Willard Park, Cleveland

Coordinates: 41°30′20″N 81°41′33″W / 41.5055°N 81.6925°W / 41.5055; -81.6925 (Willard Park)
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Willard Park
Aerial view of Willard Park in 1973
TypeUrban park
LocationCleveland, Ohio, U.S.
Coordinates41°30′20″N 81°41′33″W / 41.5055°N 81.6925°W / 41.5055; -81.6925 (Willard Park)
Area0.72 acres (0.29 ha)
Operated byCleveland Public Parks District
Public transit accessGCRTA East 9th–North Coast

Willard Park is a public park in downtown Cleveland, in the U.S. state of Ohio. The park sits at the northwest corner of East 9th Street and Lakeside Avenue, adjacent to Cleveland City Hall, and is within the boundaries of the Cleveland Mall historic district. It is the location of the public sculpture Free Stamp, and is the home of the original Cleveland Fire Fighters Memorial.

Willard Park is named after the artist Archibald Willard. A copy of Archibald's painting The Spirit of '76 hangs in the Rotunda of the neighboring Cleveland City Hall.[1]

Free Stamp[edit]

The Free Stamp is an outdoor sculpture located in Willard Park. Created by Claes Oldenburg and his wife Coosje van Bruggen, it has been called the "world's largest rubber stamp".[2][3] The dimensions of the sculpture are 28 ft 10 in (8.79 m) by 26 ft (7.9 m) by 49 ft (15 m).[4] The sculpture depicts a rubber stamp with the word "FREE" in its stamping area.

The work was commissioned by The Standard Oil Company (Ohio) in 1982[2] for display at its soon-to-be-constructed headquarters building on Public Square, which became the BP America Tower.[5] The piece was originally designed to stand upright, with the lettering of the stamp hidden from view on its "stamp pad". According to one of the executives working with Oldenburg, the message on the stamp was intended as a reference to the Civil War-era Soldiers' and Sailors' Monument, located across the street.[6] In an interview with WKYC-TV at the sculpture's 1991 dedication, Oldenburg said the stamp's message, "Free," referred to the emancipation of American slaves during and after the Civil War.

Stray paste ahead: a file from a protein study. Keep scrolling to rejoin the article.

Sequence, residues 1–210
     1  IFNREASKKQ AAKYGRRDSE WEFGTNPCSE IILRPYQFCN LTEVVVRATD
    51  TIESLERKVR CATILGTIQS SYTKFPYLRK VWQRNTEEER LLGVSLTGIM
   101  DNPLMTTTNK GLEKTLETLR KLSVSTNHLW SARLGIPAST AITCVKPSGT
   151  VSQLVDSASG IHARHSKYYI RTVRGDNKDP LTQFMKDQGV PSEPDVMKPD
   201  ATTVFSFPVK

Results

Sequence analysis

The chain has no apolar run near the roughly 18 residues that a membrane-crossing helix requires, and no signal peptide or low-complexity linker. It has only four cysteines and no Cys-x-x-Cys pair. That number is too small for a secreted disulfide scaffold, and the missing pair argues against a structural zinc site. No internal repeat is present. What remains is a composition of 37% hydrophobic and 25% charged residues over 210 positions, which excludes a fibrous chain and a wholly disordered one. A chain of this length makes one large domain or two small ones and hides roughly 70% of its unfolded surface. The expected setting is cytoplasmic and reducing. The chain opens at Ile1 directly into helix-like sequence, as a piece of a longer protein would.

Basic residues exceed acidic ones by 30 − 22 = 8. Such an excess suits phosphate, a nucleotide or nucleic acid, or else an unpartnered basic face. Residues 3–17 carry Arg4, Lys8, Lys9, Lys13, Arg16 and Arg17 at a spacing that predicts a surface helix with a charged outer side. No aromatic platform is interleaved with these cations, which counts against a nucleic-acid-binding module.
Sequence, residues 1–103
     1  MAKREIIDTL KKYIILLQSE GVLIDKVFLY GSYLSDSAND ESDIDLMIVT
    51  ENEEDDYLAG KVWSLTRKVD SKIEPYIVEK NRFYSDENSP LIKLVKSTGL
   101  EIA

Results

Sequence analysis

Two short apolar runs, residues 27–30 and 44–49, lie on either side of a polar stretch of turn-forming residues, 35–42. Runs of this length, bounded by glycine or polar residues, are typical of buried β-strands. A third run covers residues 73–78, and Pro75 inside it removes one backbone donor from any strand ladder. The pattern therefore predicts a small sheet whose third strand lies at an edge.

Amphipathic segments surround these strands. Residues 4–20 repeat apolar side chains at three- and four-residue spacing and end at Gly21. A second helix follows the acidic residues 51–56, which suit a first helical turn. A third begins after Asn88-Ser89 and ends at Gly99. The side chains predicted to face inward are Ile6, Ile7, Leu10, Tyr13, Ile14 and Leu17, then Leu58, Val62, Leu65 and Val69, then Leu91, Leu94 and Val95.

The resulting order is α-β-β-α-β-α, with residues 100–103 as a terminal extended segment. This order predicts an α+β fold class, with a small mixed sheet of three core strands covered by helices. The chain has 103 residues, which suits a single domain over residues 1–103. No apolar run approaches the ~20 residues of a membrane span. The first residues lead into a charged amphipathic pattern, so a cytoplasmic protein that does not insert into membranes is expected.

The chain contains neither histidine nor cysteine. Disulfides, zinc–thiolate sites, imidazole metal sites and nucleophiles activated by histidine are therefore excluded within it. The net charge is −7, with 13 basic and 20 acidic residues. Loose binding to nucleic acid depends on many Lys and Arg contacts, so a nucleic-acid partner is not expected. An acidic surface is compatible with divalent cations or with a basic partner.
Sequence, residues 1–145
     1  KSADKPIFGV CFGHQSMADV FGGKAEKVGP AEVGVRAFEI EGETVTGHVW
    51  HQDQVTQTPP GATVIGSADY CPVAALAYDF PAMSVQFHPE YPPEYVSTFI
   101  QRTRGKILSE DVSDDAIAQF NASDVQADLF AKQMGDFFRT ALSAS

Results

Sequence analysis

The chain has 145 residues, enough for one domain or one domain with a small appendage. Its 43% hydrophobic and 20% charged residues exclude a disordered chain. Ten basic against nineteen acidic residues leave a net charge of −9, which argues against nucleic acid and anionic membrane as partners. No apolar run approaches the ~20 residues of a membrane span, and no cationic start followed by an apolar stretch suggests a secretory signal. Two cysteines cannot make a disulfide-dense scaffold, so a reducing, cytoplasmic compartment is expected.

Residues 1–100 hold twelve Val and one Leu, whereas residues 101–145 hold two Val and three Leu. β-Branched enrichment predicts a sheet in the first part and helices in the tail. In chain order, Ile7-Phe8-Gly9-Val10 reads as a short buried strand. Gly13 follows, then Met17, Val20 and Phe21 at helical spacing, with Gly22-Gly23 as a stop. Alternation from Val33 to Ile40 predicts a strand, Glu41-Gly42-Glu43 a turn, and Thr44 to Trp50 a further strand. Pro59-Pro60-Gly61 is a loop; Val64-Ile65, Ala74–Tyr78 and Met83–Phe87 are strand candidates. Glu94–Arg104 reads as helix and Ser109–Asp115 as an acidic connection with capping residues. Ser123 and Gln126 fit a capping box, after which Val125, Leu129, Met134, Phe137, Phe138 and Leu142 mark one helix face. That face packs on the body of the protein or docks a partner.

Controlling interest in Standard Oil had previously been acquired by BP as part of the financing arrangements for construction of the Trans Alaska pipeline and oil rights to Prudhoe Bay reserves. BP executive Robert Horton took over the management of the retitled company, BP America, before the sculpture was installed. He believed that the stamp was "inappropriate" for the location, and that Oldenburg actually intended to mock BP about Sohio's loss of corporate freedom and the lack of freedom in office work.[7] The company gave the artists permission to move the sculpture to another part of the city, but they refused. As a result, the stamp was placed in storage in a facility in Whiting, Indiana.[2] Over the next several years, BP America, the artists, and the city consulted to find a new site for the sculpture. Several sites were proposed, including the Cleveland Museum of Art. The artists, who wanted the sculpture to remain near Public Square, finally chose Willard Park.[8]

In 1991, BP donated the sculpture to the city of Cleveland.[5] The stamp was modified to sit on its side, and it was dedicated in its new location on November 15, 1991.[8] At the dedication, Oldenburg told a WKYC-TV producer that it looked as if a giant hand had picked up the sculpture from its intended location at the BP Tower and angrily hurled it several blocks, where it ended up on its side.[6]


  1. ^ "The Cleveland Group Plan of 1903". Retrieved August 17, 2022.
  2. ^ a b c "Claes Oldenburg & Coosje van Bruggen: Exhibitions & Projects: Free Stamp". oldenburgvanbruggen.com. Retrieved January 9, 2017.
  3. ^ "World's Largest Rubber Stamp". World's Largest Things. Retrieved November 1, 2008.
  4. ^ Oldenburg, Claes; Coosje van Bruggen (1994). Large Scale Projects. New York, New York: Martacelli Press, Inc. pp. 486–499. Retrieved November 1, 2008.
  5. ^ a b "The Free Stamp". City of Cleveland. p. 1. Archived from the original on January 12, 2008. Retrieved November 1, 2008.
  6. ^ a b Quote from Nicholas Giorganni, project director for The Standard Oil headquarters building, at World's Largest Rubber Stamp, RoadsideAmerica.com. Retrieved December 5, 2009.
  7. ^ "Free Stamp sculpture "inappropriate," says Horton". The Plain Dealer. April 25, 1986. p. A1. Archived from the original on July 21, 2012.
  8. ^ a b Mitchell, Sandy (May 31, 2008). ""Free Stamp" in Cleveland". Cleveland.about.com. Archived from the original on April 13, 2014. Retrieved January 21, 2014.

External links[edit]